A delusional vision has dominated the attitudes and directions of some contemporary thinkers and educators, especially those working with the political parties that use religion to attain political purposes. These parties believe that history and heritage comprise one solid bloc that is perfect, ideal and always successful, a source of pride for all.
    These same people believe that if we want to advance, we have to revive history, follow it, apply its models and means, and commit ourselves to the act of repeating it.
    Therefore, we find that followers of the movements and parties that hijacked Islam, to “defend” it, claiming to speak in Islam’s name, believe in repeating history and reviving historical models of thought in terms of culture, politics, economy and the organization of societies.
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    האנדרטה לזכר קורבנות השואה בברלין
    האנדרטה לזכר קורבנות השואה בברלין
    The Holocaust memorial in Berlin
    (Photo: Shutterstock)
    Unfortunately, those who dominate the contemporary consciousness of Muslims impose one version of history, transforming history and heritage into a prison; a closed circle from which Muslim communities cannot escape. However, they must liberate themselves from the burdens of history to move ahead toward the future.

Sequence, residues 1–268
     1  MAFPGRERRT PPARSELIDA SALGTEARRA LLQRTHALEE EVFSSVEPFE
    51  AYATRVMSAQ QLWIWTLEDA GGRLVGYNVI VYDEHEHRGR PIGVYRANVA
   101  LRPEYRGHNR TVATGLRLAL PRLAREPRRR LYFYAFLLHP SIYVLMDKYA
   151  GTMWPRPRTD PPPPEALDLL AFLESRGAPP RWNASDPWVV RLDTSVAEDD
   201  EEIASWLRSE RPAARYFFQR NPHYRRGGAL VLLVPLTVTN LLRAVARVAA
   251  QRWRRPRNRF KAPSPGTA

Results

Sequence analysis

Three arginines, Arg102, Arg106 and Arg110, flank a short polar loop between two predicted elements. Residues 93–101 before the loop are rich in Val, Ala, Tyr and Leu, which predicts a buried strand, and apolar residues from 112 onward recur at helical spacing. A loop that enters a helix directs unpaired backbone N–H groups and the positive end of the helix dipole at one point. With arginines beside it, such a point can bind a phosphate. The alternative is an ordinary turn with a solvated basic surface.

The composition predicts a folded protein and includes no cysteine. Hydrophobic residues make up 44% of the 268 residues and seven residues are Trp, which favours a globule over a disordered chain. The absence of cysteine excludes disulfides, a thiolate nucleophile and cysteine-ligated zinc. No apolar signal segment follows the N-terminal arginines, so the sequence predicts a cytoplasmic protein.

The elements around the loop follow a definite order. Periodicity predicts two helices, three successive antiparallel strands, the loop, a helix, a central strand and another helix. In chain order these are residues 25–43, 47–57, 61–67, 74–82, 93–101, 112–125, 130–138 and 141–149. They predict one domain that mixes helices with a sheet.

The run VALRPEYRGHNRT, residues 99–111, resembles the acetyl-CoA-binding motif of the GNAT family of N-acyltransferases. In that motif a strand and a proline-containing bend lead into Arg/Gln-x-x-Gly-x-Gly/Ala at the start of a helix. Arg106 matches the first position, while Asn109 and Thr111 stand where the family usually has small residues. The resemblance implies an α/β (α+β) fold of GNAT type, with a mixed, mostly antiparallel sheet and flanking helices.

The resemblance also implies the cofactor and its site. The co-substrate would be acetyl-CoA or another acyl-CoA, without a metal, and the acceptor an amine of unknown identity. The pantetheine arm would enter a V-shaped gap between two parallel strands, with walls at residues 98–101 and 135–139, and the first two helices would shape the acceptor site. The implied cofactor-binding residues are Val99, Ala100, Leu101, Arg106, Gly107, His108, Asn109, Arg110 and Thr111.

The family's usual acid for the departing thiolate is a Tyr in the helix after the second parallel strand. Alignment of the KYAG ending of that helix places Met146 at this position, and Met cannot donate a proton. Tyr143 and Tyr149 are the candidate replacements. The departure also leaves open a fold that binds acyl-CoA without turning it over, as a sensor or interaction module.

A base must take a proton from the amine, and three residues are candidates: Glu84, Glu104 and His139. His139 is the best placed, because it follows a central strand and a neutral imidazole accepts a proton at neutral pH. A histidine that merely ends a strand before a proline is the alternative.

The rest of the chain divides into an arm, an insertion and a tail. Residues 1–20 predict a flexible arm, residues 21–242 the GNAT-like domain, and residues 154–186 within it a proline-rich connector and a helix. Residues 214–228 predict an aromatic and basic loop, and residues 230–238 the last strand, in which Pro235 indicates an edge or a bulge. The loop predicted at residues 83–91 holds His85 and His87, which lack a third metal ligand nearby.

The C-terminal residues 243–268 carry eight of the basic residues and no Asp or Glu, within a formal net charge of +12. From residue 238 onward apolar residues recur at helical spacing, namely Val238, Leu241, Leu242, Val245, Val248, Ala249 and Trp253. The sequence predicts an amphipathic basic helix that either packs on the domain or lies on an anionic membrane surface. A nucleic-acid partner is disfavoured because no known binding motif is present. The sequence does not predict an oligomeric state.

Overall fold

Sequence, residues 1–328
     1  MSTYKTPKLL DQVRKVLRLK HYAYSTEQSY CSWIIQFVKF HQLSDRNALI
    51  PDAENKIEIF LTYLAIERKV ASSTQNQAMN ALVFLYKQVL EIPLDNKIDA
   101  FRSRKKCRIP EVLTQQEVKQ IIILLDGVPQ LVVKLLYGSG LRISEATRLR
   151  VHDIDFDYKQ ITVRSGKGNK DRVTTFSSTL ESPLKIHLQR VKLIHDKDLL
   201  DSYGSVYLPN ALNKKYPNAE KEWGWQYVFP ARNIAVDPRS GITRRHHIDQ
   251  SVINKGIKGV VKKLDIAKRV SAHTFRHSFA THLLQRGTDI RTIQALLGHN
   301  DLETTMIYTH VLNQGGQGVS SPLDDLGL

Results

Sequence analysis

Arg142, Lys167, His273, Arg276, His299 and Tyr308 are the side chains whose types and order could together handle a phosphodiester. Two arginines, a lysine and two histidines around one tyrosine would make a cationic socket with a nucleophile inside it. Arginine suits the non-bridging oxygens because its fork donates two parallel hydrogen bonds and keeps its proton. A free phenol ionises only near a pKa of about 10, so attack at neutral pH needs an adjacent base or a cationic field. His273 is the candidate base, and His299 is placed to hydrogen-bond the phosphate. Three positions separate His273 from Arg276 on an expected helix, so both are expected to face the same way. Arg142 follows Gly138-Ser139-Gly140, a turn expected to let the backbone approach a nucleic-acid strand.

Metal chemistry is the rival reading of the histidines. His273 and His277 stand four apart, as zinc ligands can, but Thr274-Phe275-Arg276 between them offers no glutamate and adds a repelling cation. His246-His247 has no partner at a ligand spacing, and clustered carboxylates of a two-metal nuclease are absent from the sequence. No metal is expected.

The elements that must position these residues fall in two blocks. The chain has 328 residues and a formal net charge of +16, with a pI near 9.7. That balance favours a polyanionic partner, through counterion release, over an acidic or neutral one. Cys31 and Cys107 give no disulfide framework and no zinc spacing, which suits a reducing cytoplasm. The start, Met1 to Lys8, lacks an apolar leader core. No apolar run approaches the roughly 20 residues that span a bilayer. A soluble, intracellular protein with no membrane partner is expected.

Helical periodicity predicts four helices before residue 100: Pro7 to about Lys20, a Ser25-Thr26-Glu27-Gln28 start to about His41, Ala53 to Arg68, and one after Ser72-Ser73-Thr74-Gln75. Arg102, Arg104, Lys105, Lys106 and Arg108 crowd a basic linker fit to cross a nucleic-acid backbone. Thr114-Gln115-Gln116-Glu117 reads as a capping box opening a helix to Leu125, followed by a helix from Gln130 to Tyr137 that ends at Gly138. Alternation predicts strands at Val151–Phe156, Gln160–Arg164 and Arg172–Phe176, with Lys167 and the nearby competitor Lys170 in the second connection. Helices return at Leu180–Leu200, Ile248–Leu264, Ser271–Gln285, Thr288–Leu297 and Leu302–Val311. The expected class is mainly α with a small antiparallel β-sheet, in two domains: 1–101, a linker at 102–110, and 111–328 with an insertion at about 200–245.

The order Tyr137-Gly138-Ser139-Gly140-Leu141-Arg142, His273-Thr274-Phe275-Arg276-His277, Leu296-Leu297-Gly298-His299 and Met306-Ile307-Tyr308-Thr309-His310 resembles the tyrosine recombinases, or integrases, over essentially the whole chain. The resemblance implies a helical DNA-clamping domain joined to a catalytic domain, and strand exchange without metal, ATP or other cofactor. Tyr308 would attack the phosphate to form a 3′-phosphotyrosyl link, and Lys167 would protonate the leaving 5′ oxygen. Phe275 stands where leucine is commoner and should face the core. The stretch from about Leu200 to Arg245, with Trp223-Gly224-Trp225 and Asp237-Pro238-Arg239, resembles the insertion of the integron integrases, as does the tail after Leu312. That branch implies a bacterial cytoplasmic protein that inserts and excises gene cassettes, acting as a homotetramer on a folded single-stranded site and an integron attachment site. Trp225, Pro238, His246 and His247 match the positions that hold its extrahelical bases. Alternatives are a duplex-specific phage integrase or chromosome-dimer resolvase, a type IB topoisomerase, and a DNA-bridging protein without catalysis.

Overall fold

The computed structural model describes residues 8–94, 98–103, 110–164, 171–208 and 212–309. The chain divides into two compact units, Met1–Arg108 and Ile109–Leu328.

European civilization has used history, however harsh, as a starting point from which to transform into a global civilization, and it’s time we, the Arab world, must too. While the Muslim world and European civilizations had shared interests in science, mathematics and philosophy, they took very different paths.
    Curriculums must be reevaluated, teaching methodology updated. We must understand that it is not against Islam to better understand the non-Islamic world, to learn better that we are all one, we are all humanity, whatever our creed or caste.
    Educational reform will be key to ensuring the future generation does not grow up blinkered like the generation of today, hidden from or denied the chance to see the world as a whole, instead of a few chapters chosen to be shared.
    Whether history is tearing us apart as Muslims, or pitting Muslims against non-Muslims, we need to change this limited narrative and bravely move forward embracing the good and bad of humanity’s past, to move bravely into its future. Our only option is to live together and this is why coexistence is vital to create a better future for everyone in our region.

    Dr. Ali Al Nuaimi is chairman of the Defense Affairs, Interior and Foreign Relations Committee of the United Arab Emirates’ Federal National Council

    Reprinted courtesy of The Media Line